Bruni v. The Edward Thomas Hospitality Corp.Annotate this Case
Plaintiff, a restaurant server, filed suit alleging that he was laid off after about four months when his employer, the Hotel, eliminated all part-time positions. Plaintiff alleged a violation of Santa Monica Municipal Code section 4.66.010 et seq. (the recall ordinance), which provides laid off employees that have been employed by the employer for six months or more with a right to be rehired in certain circumstances.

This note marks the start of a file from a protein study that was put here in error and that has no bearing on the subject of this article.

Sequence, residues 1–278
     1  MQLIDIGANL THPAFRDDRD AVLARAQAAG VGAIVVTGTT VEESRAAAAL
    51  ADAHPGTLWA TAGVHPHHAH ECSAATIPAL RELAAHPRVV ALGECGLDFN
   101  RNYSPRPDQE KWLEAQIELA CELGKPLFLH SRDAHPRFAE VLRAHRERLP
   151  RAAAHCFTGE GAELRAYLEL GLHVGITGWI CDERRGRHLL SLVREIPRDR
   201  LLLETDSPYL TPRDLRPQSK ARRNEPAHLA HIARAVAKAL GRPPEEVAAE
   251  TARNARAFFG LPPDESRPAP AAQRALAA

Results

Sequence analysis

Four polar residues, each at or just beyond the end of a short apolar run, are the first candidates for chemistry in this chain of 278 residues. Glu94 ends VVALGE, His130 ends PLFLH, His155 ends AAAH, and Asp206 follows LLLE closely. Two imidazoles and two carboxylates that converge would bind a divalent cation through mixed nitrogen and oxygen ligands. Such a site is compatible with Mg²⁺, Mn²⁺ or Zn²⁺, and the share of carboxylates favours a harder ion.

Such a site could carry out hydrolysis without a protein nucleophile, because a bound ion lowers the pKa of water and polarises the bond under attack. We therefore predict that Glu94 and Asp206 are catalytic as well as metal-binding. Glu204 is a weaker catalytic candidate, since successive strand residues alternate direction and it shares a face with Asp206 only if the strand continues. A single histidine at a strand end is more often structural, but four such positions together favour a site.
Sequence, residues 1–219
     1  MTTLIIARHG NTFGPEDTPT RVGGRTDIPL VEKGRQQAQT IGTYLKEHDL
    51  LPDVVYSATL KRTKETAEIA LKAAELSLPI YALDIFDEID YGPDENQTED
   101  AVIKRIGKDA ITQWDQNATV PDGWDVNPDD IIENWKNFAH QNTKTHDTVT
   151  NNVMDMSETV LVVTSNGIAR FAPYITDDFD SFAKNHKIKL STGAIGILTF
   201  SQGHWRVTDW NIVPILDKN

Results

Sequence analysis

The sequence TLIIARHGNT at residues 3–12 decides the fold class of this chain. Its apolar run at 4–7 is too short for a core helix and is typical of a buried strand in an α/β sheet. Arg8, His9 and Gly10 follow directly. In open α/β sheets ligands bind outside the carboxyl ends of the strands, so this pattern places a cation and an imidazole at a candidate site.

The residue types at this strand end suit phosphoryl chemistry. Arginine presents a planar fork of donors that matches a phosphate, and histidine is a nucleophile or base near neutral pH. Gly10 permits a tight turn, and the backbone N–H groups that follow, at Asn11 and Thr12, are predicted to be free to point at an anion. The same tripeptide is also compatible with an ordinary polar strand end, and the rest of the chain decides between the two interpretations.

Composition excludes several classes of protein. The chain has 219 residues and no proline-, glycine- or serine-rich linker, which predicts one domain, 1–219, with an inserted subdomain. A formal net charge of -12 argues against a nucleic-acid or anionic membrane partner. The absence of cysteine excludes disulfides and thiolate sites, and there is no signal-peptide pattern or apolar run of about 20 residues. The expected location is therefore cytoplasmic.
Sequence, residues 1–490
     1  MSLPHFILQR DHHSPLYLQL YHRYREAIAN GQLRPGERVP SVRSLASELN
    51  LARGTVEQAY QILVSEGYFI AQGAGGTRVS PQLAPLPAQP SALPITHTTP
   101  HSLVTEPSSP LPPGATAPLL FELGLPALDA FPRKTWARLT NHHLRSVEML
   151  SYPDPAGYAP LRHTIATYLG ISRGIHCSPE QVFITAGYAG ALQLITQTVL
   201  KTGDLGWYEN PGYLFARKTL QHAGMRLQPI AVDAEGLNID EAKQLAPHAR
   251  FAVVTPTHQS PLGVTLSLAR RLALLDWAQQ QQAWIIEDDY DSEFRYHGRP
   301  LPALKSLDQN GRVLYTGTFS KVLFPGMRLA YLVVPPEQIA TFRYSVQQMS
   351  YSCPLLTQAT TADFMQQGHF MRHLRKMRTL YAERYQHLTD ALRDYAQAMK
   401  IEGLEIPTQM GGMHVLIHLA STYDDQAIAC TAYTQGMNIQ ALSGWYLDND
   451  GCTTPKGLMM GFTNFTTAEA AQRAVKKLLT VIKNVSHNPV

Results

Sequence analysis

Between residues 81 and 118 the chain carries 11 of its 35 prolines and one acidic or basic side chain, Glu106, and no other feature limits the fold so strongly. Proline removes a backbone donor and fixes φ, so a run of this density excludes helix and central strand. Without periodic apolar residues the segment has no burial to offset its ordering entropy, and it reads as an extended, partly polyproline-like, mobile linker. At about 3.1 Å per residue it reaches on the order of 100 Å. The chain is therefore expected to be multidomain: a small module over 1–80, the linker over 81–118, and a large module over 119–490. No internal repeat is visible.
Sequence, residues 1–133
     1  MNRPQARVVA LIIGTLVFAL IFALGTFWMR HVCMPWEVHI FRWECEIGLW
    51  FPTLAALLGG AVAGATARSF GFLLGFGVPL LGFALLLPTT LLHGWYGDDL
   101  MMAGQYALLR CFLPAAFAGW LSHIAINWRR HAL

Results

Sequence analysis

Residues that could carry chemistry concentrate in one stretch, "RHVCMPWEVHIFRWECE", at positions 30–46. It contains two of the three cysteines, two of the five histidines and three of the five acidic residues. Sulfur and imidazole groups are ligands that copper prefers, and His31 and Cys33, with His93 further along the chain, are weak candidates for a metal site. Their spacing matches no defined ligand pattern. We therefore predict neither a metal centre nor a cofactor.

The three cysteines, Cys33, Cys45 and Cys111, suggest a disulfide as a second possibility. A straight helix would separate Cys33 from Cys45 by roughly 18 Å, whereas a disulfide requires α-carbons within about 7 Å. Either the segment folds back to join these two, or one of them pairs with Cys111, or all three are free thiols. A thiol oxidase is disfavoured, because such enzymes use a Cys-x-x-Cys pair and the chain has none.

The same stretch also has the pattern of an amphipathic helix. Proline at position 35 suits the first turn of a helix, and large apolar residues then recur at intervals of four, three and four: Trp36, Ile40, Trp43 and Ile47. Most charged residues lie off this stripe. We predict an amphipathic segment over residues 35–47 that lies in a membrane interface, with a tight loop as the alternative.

The Court of Appeal affirmed the trial court's denial of a judgment of dismissal following the sustaining of a demurrer by defendants, the Hotel. The court concluded, as did the trial court, that the right of recall does not apply here because plaintiff did not work for the Hotel for "six months or more" before he was involuntarily separated from employment for economic reasons. In this case, plaintiff had a prior stint of employment with the Hotel that lasted about ten months, which ended when he voluntarily resigned due to scheduling difficulties. The court explained that the purpose of the recall ordinance is to protect employees who were involuntarily laid off due to economic circumstances—not to protect employees who quit for personal reasons. Therefore, the court concluded that plaintiff's earlier period of employment that ended with his voluntary resignation does not count toward the six-month minimum period of employment, leaving him ineligible for recall under the ordinance. Accordingly, plaintiff failed to state a cause of action under the recall ordinance. Finally, the court concluded that the Tameny claim was not well pled because there was no violation of the recall ordinance on which the Tameny claim was based. Furthermore, a Tameny claim must be predicated on a fundamental public policy that is expressed in a constitutional or statutory provision, as opposed to a public policy that finds expression in a municipal ordinance.